My Christmas Place

Reykjavik

Reykjavik

At Christmas time, my thoughts turn to Reykjavik, Iceland. I always think of the small city—the world’s northernmost capital—as my special Christmas place.

Not that I have ever been there at Christmas, which at that latitude is dark twenty-two hours a day around the winter solstice. No, like most of the other tourists, I have only been here in the summer. Then why do I think of Reykjavik when I think of Christmas? Is it the warmth of its people in that freezing seasonal darkness? Is it the thirteen Yule Lads of Icelandic lore that have woven their spell on me?

Here is a photo of the port of Reykjavik taken by Páll Stefánsson of The Iceland Review. His photographs have a way of keeping his little land foremost in my mind.

As for the “real” meaning of Christmas, I give you this comic strip by Berkeley Breathed:

A Merry Christmas to All!

A Merry Christmas to All!

Thousand Palms

At the Thousand Palms Oasis

At the Thousand Palms Oasis

There are strange and beautiful corners of this country that take one by surprise. One such was the Thousand Palms Oasis, to which my brother introduced Martine and me last Friday. Not far from the usual desolation of the Coachella Valley was a large concentration of California Fan Palms, the Washingtonia filifera. Most of the palms in the California desert are Arabian imports, such as the date palms of Indio; but the California Fan Palms are native to the state.

As we walked into the oasis, the temperature dropped by several degrees; and there was a whiff of sulfur in the air from springs that bubbled up from the ground.

Natural Spring in the Oasis

Natural Spring in the Oasis

The oasis was not very large, and there was even a subsidiary oasis about a quarter of a mile farther on. But while we were in the shadow of the palms, we were transported far from the barren rocks, dirt and succulents of the desert floor. The effect was magical.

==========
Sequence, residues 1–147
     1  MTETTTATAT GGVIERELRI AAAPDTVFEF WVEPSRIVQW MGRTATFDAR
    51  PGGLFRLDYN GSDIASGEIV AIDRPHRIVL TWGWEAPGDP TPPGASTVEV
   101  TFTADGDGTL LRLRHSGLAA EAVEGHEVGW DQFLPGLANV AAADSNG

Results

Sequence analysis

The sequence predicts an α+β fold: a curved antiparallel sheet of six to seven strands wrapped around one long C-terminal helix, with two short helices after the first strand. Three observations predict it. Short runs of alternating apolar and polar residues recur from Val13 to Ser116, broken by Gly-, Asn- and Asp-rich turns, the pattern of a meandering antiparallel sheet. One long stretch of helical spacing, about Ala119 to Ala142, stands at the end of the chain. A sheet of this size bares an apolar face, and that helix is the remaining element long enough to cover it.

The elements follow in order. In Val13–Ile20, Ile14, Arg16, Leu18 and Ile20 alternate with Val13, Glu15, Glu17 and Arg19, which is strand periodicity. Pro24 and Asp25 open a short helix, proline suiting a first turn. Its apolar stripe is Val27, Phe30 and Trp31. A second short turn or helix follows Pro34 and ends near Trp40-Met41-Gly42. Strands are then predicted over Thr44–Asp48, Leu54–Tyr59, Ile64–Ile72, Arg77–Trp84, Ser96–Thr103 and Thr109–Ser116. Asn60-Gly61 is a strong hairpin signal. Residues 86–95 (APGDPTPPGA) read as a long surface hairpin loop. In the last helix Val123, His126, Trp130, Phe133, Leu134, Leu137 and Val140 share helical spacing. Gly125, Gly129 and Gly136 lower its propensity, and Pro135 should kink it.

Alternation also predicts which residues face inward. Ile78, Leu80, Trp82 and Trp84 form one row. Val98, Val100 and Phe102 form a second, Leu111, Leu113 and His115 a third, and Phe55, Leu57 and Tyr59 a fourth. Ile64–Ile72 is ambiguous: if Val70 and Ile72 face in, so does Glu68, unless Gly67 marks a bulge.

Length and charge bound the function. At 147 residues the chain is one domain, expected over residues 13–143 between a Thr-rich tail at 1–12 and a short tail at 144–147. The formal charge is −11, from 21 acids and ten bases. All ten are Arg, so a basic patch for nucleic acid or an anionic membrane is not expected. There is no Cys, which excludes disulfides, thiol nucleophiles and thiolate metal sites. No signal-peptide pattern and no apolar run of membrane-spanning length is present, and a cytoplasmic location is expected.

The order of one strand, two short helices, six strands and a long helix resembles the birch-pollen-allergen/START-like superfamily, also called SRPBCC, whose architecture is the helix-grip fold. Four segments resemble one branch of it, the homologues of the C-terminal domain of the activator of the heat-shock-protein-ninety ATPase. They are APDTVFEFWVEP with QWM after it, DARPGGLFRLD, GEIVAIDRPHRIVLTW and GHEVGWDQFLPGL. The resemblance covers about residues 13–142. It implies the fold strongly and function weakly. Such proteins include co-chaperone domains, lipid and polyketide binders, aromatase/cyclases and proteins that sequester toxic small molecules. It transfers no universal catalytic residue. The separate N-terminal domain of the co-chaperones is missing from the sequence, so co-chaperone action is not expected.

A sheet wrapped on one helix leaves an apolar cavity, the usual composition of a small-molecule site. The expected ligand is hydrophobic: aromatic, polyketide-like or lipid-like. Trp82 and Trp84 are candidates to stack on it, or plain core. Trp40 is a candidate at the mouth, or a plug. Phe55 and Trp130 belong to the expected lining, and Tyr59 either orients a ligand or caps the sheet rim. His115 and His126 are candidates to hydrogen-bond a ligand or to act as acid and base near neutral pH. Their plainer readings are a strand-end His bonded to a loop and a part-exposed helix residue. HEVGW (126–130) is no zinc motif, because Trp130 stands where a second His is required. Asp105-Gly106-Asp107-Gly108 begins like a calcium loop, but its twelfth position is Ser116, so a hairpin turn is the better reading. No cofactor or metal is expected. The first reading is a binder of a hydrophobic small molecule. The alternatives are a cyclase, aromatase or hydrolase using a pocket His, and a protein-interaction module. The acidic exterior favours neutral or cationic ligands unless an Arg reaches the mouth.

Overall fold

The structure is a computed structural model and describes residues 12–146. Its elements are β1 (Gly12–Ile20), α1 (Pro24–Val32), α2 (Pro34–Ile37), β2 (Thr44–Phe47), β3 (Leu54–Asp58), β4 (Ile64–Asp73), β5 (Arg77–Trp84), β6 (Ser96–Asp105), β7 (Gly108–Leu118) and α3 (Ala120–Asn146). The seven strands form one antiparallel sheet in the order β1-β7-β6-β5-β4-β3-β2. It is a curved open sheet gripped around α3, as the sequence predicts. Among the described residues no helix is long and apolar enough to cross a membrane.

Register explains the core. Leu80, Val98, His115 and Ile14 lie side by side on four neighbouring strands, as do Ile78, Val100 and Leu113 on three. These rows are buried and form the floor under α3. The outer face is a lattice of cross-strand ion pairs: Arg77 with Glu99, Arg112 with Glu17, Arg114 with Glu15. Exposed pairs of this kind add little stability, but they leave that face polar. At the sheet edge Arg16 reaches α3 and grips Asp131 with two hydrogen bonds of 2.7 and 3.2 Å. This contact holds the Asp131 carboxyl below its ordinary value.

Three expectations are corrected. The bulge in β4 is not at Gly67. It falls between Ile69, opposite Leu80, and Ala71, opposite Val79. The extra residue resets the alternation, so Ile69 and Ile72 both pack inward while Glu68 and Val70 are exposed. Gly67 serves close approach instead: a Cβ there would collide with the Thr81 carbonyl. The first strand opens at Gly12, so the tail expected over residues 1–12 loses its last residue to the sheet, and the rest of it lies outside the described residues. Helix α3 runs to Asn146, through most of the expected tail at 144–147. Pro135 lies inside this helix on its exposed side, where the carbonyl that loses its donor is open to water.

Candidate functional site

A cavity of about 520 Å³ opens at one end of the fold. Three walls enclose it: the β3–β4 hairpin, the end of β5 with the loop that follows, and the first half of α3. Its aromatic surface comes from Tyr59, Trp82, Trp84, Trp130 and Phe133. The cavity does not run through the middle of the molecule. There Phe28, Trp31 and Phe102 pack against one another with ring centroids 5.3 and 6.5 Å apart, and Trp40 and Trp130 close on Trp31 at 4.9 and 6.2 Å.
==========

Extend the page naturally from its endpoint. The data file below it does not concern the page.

The Only Way to Survive in the Jungle

Having a Beer in Puerto Iguazu

Having a Beer in Puerto Iguazu

When I went to Iguazu Falls last month, it was the first time I had ever been in what I call a “monkey jungle.” There isn’t much jungle in Argentina, but the northeasterly states of Corrientes and Misiones readily qualify. Many of the trees have been cleared to make room for the Yerba Mate crop, of which most is consumed within Argentina itself (and sometimes in the United States by strange people like me).

Although I had Yerba Mate even for breakfast in the jungle—in the form of teabags, usually referred to as mate cocido—the drink which kept me going during the day was ice cold beer. In the above picture, I am enjoying a Quilmes, which is as popular down there as the various Anheuser-Busch productoids are here. You can see the edge of the pool at the Posada la Sorgente on Avenida Córdoba in Puerto Iguazu. In the late afternoon, I enjoyed having a cool one by the outdoor bar while reading my Kindle.

My overwhelming impression of the selva was that it was hot and humid, especially as it was getting ready to unleash a Biblical thunderstorm on the evening of the day the above picture was taken.

Bananas on the Bar at Posada la Sórgente

Bananas on the Bar at Posada la Sorgente

Here is another view of the bar, which had a handy basket of home-grown bananas at its edge.

I don’t know if I will ever find myself in the jungle again. For the Iguazu Falls, though, it was worth it. My greatest fear going there was the possibility of getting bitten by disease-carrying mosquitoes. Not too far north, in Brazil, the Zika fever (carried by the same Aedes aegypti mosquitoes that carry malaria, dengue, and chikungunya) is so prevalent that residents of the State of Pernambuco and surrounding areas are being urged to avoid getting pregnant. The danger? The children are in danger of being born with microcephaly.

Fortunately, not only was I not bitten: I did not even see any mosquitoes.

Selfie Sunday

This Baby Smiles for Selfies

This Baby Smiles for Selfies

Visiting my family in Palm Desert, I was amazed by my niece Hilary’s little four-month-old baby. His name is Oliver Moorman, and whenever his dad Joseph (at the left in all the pictures above) takes a selfie which includes him, little Ollie cracks a delightful smile.

The other persons are, clockwise from the upper left:

  • My brother Dan
  • Martine
  • Hilary
  • My nephew Dan
  • Me
  • Just Joe and Ollie
  • My sister-in-law Lori
  • My niece Jen (in the center picture)